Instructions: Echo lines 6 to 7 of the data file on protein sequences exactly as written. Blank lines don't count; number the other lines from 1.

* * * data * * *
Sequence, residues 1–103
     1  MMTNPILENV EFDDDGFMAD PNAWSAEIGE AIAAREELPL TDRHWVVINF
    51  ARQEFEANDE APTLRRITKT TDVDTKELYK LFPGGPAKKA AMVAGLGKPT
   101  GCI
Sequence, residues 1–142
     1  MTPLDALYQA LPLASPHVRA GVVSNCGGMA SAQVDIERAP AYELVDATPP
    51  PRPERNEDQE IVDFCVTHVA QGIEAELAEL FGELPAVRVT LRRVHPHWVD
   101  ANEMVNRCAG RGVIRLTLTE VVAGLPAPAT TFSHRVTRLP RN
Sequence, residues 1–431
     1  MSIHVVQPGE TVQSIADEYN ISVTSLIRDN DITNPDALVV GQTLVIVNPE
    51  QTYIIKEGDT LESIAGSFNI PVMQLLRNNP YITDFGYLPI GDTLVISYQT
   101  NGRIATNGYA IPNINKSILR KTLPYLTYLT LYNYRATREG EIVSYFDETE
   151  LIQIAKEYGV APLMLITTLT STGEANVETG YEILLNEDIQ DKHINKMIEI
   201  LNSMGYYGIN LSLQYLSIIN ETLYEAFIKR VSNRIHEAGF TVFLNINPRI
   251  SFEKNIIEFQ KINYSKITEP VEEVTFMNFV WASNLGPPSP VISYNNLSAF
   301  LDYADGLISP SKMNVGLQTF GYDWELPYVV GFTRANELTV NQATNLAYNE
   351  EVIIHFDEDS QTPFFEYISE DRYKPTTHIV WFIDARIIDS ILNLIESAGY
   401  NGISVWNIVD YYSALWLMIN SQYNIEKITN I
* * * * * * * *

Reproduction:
     1  MTPLDALYQA LPLASPHVRA GVVSNCGGMA SAQVDIERAP AYELVDATPP
    51  PRPERNEDQE IVDFCVTHVA QGIEAELAEL FGELPAVRVT LRRVHPHWVD